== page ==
I withdrew a submission to a university alumni magazine this week, because the editor misread an acerbic, ironic phrase as literal, and objected to it.
As, read literally, the phrase offended her political viewpoint, I saw this as not only misreading, but censorship.
It reminded me of Max Harris being found guilty of indecency for publishing the Ern Malley poems, because the police found indecency in the narrator's intentions in "shall rest snug and know what he means". In another instance, "the indecency lay in the fact that the 'events took place in a park at night'". As well as for using the word "genitals" and "incestuous" - the prosecuting policeman said that he did not know what the latter meant, but felt confident that it was indecent. It's strange to think that such was the world I was born in to.
Fortunately, withdrawal meant that I did not have to object to her wish to change "wheel" to "turn", "skeletons" to "frames", or change some punctuation which destroyed a deliberate rythmn. This trivia made me aware that as an editor she is paid to alter someone's writing.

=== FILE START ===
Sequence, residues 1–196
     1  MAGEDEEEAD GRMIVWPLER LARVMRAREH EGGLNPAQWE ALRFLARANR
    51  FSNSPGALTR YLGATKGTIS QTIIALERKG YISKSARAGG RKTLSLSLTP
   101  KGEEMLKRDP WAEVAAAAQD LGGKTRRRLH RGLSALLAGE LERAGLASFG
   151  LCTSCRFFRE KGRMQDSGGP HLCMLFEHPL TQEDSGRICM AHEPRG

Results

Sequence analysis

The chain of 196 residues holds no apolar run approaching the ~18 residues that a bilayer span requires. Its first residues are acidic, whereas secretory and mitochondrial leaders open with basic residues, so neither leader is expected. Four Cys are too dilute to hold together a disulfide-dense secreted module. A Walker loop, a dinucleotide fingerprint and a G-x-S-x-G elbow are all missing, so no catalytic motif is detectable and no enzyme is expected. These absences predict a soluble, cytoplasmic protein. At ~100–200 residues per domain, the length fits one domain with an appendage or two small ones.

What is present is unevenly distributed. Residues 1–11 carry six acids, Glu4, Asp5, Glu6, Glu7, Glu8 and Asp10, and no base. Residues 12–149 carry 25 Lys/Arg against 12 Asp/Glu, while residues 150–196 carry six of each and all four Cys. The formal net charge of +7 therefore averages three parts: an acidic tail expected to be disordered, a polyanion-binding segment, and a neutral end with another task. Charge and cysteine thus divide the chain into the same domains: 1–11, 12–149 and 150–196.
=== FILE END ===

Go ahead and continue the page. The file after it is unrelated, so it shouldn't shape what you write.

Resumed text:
How odd. Her initial reaction to the piece was "absolutely lovely". When an artist takes a painting to a gallery, does the owner say, "Absolutely lovely. I'll just paint out this bit here and here, and change these bits around"?
Ironically, I think that if, in the offending bit, she had edited "was" to "seems", it may have overcome her objections.